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February 26, 2018

by Patrice Rankine

One of the precepts of Joseph Campbell’s Hero of a Thousand Faces, in fact of his life work of studying myth, generally, is that myth is truer than the truth itself. The metaphoric power of storytelling is such that the story precedes reality. When one deploys the metaphor “my love is a red rose,” the statement suggests the profound truth of the beauty of love, its exquisiteness, its sensual power.

The movie Black Panther is a red, red rose; it is mythic truth. This movie’s power is mesmerizing, its epic storytelling so real that it opens our eyes to an absence we didn’t even fully fathom was there. It tells a story of diaspora and an African pristineness that precedes compromise, corruption, and penetration. Wakanda’s Edenic purity implicitly asks what the world would be like if the Transatlantic Slave Trade never happened (The Aethiopians in the Homeric imagination occupied a place of mythic perfection, as both literature and vase painting reveal). But it offers an even more profound challenge, if there can be a contemporary question more profound than that of African slavery and its aftermath. Taking the premise that all humanity begins in Africa, Black Panther asks the mythic truth of what humanity would be like, had we never fallen to our more corrupting instincts.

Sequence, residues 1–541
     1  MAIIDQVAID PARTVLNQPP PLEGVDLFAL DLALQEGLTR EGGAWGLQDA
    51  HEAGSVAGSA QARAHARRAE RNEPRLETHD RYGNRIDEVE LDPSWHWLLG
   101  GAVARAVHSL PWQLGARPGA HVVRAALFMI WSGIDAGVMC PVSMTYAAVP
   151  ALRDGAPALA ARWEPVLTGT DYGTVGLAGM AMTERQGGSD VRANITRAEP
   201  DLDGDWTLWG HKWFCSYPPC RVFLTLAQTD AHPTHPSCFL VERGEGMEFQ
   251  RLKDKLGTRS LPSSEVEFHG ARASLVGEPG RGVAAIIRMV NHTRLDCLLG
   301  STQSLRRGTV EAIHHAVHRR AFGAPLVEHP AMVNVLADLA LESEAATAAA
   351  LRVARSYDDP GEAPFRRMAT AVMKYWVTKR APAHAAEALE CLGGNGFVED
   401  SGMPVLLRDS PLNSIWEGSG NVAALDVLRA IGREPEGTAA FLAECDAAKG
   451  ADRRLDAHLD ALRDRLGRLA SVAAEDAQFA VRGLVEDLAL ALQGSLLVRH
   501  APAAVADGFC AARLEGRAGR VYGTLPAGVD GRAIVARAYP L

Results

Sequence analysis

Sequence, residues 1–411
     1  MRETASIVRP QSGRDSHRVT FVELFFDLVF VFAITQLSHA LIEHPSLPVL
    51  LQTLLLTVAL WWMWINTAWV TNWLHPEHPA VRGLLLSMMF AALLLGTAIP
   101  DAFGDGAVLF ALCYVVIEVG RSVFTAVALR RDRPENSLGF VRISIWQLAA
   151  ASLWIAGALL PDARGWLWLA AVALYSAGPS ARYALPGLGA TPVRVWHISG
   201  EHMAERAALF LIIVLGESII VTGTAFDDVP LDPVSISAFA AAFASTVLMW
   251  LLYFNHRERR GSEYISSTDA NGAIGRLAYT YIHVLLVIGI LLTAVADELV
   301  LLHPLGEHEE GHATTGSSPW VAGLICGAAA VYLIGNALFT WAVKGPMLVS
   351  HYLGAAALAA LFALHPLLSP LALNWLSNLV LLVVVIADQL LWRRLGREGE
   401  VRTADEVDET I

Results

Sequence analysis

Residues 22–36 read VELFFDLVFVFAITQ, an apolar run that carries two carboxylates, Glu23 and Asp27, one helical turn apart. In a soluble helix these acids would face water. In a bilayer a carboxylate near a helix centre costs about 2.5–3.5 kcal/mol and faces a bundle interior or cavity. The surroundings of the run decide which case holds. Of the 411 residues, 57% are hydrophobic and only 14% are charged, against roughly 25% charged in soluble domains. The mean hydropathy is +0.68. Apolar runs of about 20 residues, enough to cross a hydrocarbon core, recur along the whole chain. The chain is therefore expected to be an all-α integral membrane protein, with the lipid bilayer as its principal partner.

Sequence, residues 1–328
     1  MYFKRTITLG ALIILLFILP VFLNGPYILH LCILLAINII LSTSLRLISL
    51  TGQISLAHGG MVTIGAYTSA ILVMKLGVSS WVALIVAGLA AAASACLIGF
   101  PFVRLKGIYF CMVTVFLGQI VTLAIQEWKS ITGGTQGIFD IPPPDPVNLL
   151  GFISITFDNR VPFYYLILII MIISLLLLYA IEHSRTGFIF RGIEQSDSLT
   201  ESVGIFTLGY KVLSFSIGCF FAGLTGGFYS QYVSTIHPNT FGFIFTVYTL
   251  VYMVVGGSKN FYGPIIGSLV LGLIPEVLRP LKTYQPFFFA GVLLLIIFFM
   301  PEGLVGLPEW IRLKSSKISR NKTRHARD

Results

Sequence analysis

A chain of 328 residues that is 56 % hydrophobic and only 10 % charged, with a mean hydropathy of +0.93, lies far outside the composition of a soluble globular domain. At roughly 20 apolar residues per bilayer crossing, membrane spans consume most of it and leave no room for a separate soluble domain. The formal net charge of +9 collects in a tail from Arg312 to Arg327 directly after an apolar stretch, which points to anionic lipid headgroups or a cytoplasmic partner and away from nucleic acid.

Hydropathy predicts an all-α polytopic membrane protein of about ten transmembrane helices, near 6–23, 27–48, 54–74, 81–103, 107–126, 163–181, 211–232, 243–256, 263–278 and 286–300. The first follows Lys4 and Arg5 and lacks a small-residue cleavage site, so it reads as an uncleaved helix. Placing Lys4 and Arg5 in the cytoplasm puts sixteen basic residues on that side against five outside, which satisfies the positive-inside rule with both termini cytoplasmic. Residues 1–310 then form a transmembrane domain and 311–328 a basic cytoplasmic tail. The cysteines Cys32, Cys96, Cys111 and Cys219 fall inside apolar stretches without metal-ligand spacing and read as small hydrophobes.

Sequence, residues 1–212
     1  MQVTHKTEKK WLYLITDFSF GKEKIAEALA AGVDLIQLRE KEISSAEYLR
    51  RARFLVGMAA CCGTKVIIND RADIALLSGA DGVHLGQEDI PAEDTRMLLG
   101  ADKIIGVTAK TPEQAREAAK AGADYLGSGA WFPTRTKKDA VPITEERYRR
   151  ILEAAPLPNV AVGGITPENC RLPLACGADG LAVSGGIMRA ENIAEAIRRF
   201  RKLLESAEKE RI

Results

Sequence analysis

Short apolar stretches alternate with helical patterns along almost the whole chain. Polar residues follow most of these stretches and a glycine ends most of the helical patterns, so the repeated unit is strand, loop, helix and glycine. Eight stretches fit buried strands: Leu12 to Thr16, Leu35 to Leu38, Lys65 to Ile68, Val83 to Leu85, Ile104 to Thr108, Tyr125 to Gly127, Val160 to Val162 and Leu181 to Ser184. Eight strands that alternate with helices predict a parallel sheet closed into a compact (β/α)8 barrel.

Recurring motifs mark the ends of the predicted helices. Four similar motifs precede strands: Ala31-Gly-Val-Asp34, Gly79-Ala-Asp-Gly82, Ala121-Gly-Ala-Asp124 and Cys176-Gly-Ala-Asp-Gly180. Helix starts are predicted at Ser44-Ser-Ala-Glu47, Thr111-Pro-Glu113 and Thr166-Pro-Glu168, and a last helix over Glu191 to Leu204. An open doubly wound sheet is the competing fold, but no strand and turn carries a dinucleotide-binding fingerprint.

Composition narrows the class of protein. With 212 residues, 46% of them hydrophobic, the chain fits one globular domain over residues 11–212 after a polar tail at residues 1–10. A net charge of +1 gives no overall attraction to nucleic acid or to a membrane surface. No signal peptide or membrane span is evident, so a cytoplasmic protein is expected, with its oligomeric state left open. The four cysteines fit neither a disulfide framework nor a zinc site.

Yes, more immediately the question of absent fathers or how society neglects its youth is here too, as Jelani Cobb writes of Killmonger’s “parental” separation (New Yorker, “’Black Panther’ and the Invention of ‘Africa’,” February 18, 2018). The abandonment of young Erik Killmonger might recall the context for President Emeritus Barack Obama’s “My Brother’s Keeper” initiative, or his own abandonment by an absent African father. Not coincidentally, “am I my brother’s keeper” was the question Cain asked when God searched for his brother Abel, whom Cain killed in order to rob him of his birthright (Genesis 4:9). In a way, Black Panther rewrites the mythical curse upon Cain’s descendants, which some historical figures took to be blackness itself (e.g., Brigham Young), such that Abel, the good brother (in this case, cousin), prevails. Black is beautiful; blackness is a blessing.